In the course of a persons life we can be certain one will be faced with times of great pain, discomfort and testing.
There has been no shortage of that in my life. My husband Tim and I have been on the longest, seemingly never ending journey through medical school and now residency.
It seems as if once we jump one hurdle, within five feet of our shoes hitting the floor we are met with our next. It always requires a new kind of strength and determination. And if I'm being totally honest, I don't always 'feel' ready to make the leap nor do I 'feel' mentally or physically strong enough to land it without shattering all the bones in my body.
This run we have been on seems to keep going with no end in site (not a good or bad thing). The hurdles are lined up and once we think we see the end, we quickly realize it is simply a mirage.
The first step in any race is the preparation before you ever step foot on the track. It requires painful training and vision of what's to come. It doesn't mean you have every step of the race figured out, just a willingness to put in the work and get started.
1. You need a plan (if you're married that plan is not void of your spouses input).
For us, the preparation came without a complete picture of where we would be running. My husband was active duty in the Air Force deploying all over the world as a Persian Farsi Linguist. He knew a bachelors degree was the first step, even though it didn't make much sense how it would even be possible.
2. Be prepared to take a risk and be obedient to running the first lap.
If you've ever worked out, you begin incredibly motivated but as soon as you realize how hard it is the excitement dwindles. Often you aren't seeing immediate progress and you are tempted to give up.
Let me be the person that says, "keep going friend, keep going!"
There were so many classes that he had to drop, retake and simply couldn't start because of his rigorous schedule. Set backs can be discouraging and painful but don't let them knock you off course. Keep running.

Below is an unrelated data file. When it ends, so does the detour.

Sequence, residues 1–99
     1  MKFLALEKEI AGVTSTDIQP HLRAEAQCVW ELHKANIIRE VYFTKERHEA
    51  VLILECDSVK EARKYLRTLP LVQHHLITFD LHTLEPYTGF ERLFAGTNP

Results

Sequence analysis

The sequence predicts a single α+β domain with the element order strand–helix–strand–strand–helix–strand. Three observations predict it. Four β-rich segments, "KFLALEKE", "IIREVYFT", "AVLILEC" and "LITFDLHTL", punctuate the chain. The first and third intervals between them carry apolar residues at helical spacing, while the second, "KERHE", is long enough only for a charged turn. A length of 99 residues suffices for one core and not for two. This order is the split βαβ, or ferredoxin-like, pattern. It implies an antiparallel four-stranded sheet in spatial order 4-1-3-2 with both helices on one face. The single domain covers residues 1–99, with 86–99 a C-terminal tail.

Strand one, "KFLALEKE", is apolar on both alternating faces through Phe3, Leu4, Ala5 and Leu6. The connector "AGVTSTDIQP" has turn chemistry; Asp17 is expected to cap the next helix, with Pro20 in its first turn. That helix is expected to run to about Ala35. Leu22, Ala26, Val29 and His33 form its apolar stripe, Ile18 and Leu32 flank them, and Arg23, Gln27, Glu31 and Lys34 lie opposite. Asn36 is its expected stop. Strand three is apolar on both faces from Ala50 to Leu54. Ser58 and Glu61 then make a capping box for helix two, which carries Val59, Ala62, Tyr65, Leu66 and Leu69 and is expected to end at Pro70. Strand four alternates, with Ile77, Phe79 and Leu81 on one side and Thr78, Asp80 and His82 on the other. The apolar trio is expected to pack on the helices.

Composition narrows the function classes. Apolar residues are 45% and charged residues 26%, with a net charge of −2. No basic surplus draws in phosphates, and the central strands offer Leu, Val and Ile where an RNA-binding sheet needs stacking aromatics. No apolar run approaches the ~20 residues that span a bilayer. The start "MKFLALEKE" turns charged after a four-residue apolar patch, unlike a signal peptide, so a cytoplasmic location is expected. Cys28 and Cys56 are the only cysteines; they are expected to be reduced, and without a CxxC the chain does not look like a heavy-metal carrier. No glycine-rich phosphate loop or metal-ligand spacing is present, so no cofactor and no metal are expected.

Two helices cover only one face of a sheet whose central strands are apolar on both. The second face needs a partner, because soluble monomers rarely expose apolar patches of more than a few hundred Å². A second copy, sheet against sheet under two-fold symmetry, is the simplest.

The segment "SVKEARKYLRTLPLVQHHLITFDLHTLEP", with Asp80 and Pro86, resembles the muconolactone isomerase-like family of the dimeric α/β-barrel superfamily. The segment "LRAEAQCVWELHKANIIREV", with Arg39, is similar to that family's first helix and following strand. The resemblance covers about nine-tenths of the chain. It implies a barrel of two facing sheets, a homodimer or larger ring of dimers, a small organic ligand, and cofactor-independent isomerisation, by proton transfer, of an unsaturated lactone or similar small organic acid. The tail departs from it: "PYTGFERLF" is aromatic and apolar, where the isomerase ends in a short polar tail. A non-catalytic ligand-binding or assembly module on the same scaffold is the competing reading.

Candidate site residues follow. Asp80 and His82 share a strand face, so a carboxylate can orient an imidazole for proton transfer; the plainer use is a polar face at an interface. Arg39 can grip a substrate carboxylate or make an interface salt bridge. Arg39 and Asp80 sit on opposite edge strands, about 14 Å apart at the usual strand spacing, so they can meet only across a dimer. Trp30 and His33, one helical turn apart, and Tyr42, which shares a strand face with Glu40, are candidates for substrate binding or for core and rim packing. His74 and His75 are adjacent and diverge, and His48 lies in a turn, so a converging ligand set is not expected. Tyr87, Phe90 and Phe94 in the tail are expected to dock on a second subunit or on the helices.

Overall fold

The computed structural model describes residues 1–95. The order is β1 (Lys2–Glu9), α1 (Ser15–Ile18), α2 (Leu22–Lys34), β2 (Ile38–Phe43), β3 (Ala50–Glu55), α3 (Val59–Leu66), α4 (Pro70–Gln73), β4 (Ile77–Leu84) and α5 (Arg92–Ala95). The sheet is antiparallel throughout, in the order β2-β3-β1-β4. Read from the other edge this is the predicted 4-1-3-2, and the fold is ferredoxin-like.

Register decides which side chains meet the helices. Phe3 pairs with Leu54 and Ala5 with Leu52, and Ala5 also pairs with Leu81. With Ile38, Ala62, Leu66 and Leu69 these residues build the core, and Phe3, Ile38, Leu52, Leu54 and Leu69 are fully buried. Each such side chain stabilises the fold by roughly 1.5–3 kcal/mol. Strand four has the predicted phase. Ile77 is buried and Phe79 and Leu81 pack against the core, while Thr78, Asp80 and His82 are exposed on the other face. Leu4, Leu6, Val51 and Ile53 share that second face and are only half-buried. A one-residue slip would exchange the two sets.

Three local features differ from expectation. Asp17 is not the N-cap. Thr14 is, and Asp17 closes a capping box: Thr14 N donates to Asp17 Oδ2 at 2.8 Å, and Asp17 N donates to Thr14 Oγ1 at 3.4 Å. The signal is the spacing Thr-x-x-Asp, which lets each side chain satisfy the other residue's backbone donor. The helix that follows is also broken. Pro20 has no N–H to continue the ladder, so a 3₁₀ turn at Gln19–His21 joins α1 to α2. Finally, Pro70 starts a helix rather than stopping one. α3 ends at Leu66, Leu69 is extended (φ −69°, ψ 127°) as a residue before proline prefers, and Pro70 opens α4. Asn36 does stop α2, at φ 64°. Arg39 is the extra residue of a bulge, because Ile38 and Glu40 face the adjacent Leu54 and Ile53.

3. Plans change and we must trust God when nothing makes sense.
Our 'plan' was to finish the bachelors degree build a house and attend Dental School in the state we had grown to love. Tim walked across the stage with a degree, we put a down payment on our new house and we were headed toward applying for the next step. One night we took our two kiddos both under the age of three to see the progress on the house. As we sat in the driveway of our freshly poured foundation... we knew.
We knew God was up to something and was asking us to take the next step. We were asked to leave our home that was being built, get out of the military, which meant no insurance, no stable pay check, I could keep listing all the reasons why this made no sense. We moved back across country and started the next phase of training.
4. Don't expect things always to run smoothly or assume it will be easy.
This step was terribly painful. Tim had to start taking terrible jobs just to pay the bills and he didn't 'enjoy' the work he was doing. But God was faithful!
We still were pursuing Dental School and kept it in our sites. Pregnant with our third baby, no insurance and an incredibly tight budget. We chose to give birth with the assistance of a midwife. This was our attempt to save money but it was God's way of stirring our heart toward His best.
5. Listen for God's voice and look for Him in all areas of your life.
It was time for our sweet girl to make her grand entry and she would wait on no one. With no time for the midwife to arrive my 'non-medical' husband delivered our girl. God used this experience to speak into our future. Tim knew that night he would again change gears and pursue medical school. For the next two years Tim took all the prerequisites.
6. When God is involved, everything runs perfectly.....NOT!!!